For Katie Outlaw, Head Varsity Cross Country Coach at GPS, running is more than a sport. It has helped her find community and friends, explore new places and races, challenge herself physically and mentally, and to find relief. She’s eager to share that passion with the GPS team as they enter cross-country season this fall.
Running wasn’t always the go-to sport for Outlaw. She wasn’t particularly athletic growing up, and while she played soccer in high school, it wasn’t until her father died suddenly when she was 25 that she found running.
“I turned to running on trails, taking my dogs with me, as a way to relieve stress,” Outlaw says. Running helped her sleep and manage grief. From that point on, she was hooked on running and her distances kept growing. From marathons to ultramarathons, 50-kilometer races and 50-mile races, Outlaw enjoys every aspect of running.
A Storied Career Path
A Chattanoogan for nearly 20 years, Outlaw originally hails from Memphis, where she attended St. Agnes, an all-girls Catholic school. She moved to Chattanooga for its natural beauty and has been here ever since. After earning her bachelor’s and an education specialist degree in school psychology from the University of Tennessee at Chattanooga, Outlaw knew she wanted to apply her professional skills in a school setting and eventually in an independent school. Prior to coming to GPS, she worked at Normal Park Museum Magnet as a school psychologist.
While at Normal Park, Outlaw along with her husband, a renowned runner himself and owner of Fast Break Athletics, started that school’s first track and cross-country teams. They grew the program over four years and had up to 50 students participating. Without a place to practice, the team ran at Renaissance Park.
When an opportunity opened at GPS for a Learning Specialist position, Outlaw took the leap, moving away from a tenured position in the public school system. Upon making the transition, she assisted with the Middle School track and cross-country teams. Outlaw then assumed the head varsity coach position in 2019 after serving as the assistant varsity cross country coach in 2018 when the Bruisers won the TSSAA Division II AA State Championship. Additionally, she will be the Middle School Dean of Students in the 2019-20 school year.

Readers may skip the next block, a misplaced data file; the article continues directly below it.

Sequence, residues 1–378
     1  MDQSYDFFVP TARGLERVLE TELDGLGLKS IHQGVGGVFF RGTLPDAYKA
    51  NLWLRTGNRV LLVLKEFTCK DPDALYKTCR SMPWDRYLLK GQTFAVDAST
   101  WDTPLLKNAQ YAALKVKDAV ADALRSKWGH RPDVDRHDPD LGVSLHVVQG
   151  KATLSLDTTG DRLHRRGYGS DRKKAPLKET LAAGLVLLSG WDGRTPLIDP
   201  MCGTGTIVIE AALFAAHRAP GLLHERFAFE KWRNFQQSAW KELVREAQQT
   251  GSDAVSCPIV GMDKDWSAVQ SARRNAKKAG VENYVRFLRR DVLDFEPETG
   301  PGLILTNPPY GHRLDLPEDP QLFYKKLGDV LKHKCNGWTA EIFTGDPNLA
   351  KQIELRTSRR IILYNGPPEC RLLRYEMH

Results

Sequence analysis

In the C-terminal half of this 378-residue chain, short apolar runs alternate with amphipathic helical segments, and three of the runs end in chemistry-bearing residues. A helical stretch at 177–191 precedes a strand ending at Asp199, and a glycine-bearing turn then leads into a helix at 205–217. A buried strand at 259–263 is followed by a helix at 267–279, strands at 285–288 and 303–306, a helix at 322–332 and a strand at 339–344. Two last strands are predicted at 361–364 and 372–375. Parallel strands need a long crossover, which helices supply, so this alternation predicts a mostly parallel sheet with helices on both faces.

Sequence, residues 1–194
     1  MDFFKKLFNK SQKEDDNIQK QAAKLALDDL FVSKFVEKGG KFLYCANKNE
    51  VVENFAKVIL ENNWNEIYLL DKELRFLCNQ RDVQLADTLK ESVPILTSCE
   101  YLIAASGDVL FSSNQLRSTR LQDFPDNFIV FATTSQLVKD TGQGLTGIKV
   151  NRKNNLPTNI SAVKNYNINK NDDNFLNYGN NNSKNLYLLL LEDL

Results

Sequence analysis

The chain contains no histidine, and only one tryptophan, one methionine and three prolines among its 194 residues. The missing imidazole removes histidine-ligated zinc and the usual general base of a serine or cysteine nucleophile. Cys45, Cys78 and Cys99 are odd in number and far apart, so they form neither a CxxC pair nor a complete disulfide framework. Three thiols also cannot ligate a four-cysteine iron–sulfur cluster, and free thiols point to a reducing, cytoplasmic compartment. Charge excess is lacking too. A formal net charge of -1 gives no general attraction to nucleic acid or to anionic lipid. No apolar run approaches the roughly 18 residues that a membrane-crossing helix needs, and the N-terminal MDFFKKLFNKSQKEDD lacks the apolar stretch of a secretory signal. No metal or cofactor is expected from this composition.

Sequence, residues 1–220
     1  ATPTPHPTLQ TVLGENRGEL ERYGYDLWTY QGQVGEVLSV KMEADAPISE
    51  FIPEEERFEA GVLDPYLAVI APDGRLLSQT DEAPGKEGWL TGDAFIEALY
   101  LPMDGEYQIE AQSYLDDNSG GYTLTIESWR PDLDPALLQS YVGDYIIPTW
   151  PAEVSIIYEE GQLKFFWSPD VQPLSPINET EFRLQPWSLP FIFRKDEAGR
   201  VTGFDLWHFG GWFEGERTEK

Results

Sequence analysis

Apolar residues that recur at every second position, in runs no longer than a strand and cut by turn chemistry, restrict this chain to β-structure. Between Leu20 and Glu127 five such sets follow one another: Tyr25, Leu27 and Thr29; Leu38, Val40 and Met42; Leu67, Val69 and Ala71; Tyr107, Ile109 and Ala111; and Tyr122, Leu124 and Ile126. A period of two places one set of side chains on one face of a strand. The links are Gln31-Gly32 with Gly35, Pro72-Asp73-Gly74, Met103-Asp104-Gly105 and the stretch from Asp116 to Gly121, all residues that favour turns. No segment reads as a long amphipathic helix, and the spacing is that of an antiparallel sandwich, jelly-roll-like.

“When I came to GPS, I wasn’t sure where it would lead,” Outlaw says. “Looking back, I’m so happy. Taking a risk resulted in such an awesome opportunity for me. I never would have dreamed that I would be a head varsity coach—the experience has blown my mind, and I’m so excited about leading the girls. The school is wonderful at recognizing strengths not just in students but in teachers and staff as well.”
Perseverance and Grit
Running, be it track or cross country, requires great physical and mental stamina. Outlaw knows firsthand the training required for success. She holds the state’s 2-mile record for her age group. She placed 9th at the Mt. Hood 50-mile race in Oregon.
Outlaw prefers longer distances, and she’s been racing on trails and the road for nearly 12 years. Her husband, Alan, whom she describes as an inspiration and mentor, helped transition her to running on the road, where Outlaw says she loves the speed and competition.
“Running is a sport that requires a lot of mental focus,” Outlaw says. “The girls who keep showing up have more perseverance, more grit, and a tougher mentality. Our team is made up of girls who are well-rounded with classes and sports, and they’re eager to make a connection.”
As a coach, Outlaw encourages a relaxed team environment and hopes the sport brings balance to the girls’ lives outside of school. She applauds her team for their spirit and dedication, running nearly year round with a few breaks after the season.
“When I asked the girls for feedback after the season, they shared that they could put aside academics, friendship issues, and just run. It was therapeutic for them,” Outlaw says. “Regardless of their speed, they like the way running makes them feel. I want them to like running long after high school.”
For the upcoming season, Outlaw looks forward to coaching the younger runners on the team as they define what running means to them.
“It’s incredible that these girls are willing to run for their overall health and well-being after being at school for a full day,” she says. “That’s huge—they keep coming back. We run as a team, and they’re accepting of all teammates. They’re great to each other.”